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Charges in N.L. unlawful school bus certificate case dropped

The province launched an online survey — www.ednet.ns.ca/bussurvey — asking parents and guardians about their experiences with their regional school bus systems.
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Charges laid against a Tors Cove mechanic in connection with unlawful school bus inspection certificates have been dropped.
The Crown withdrew seven Highway Traffic Act charges against Randall O’Reilly, owner and operator of O’Reilly’s Service Station, for causing a vehicle inspection certificate to be displayed without a proper inspection being carried out. The charges were dropped because of an unlikely prospect of conviction, the court heard.

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Judge dismisses application for acquittal in N.L. unlawful school bus certificate case

Last month, a provincial court judge turned down an application for an acquittal from O’Reilly’s lawyer, Jon Noonan, who argued the essential elements of the offences had not been proven by the Crown. Judge Mike Madden dismissed that application, saying although some aspects of the Crown’s case were circumstantial, he couldn’t say there was no evidence at all that might support a guilty verdict if it were believed.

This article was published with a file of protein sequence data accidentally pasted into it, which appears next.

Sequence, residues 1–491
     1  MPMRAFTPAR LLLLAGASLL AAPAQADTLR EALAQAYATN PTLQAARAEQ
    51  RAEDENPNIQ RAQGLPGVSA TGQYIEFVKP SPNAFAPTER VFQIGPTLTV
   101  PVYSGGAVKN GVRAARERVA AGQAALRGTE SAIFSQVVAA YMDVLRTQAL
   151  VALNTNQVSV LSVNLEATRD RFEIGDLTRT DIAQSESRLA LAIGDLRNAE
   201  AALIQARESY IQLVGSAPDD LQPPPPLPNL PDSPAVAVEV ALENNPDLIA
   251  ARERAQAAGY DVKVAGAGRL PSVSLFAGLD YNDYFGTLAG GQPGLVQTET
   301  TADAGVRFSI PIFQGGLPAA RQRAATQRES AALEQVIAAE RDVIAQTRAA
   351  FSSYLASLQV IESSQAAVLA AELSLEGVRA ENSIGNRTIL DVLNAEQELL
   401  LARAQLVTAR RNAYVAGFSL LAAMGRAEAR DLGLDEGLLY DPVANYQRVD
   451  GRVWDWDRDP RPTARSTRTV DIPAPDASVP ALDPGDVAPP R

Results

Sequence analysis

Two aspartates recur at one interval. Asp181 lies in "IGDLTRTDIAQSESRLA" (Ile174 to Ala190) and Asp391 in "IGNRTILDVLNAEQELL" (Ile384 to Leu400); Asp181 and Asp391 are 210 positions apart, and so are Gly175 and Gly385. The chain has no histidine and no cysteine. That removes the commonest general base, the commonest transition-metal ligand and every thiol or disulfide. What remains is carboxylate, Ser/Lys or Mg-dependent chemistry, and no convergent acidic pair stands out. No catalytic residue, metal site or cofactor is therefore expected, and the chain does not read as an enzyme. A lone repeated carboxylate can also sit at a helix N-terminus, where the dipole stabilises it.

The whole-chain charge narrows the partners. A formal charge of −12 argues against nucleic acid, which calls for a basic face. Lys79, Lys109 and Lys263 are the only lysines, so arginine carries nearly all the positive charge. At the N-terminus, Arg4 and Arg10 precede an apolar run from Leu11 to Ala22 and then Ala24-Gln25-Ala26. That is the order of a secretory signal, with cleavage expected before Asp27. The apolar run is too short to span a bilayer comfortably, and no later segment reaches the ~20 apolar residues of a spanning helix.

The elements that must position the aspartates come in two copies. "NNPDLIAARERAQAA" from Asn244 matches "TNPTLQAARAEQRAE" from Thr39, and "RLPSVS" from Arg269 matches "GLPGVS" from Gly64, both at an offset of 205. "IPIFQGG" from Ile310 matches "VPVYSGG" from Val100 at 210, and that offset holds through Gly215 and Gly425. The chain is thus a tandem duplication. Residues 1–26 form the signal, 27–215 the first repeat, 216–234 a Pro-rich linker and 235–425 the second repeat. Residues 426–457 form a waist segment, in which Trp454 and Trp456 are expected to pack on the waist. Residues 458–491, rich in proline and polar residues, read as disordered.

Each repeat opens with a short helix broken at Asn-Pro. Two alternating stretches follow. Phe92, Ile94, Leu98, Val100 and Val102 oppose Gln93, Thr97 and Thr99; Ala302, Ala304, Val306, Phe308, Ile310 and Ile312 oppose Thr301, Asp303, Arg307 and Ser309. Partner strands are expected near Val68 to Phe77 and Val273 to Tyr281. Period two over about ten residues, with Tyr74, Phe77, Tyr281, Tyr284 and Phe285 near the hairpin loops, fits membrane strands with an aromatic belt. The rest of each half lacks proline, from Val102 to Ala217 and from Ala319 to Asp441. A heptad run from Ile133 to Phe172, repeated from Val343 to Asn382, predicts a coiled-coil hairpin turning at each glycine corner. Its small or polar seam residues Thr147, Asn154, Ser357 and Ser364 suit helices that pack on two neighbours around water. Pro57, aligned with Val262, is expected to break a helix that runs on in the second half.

Madden said there was some evidence to suggest the school bus inspection certificates in question had been “carelessly and directly fabricated,” but noted his concerns with whether or not prosecutor Scott Hurley had presented enough evidence to say O’Reilly had been the one to complete them.
O’Reilly had been charged in the fall of 2017 after an investigation by Service Newfoundland and Labrador’s Highway Enforcement branch turned up issues with seven school buses owned by Executive Taxi, which was also charged.

 

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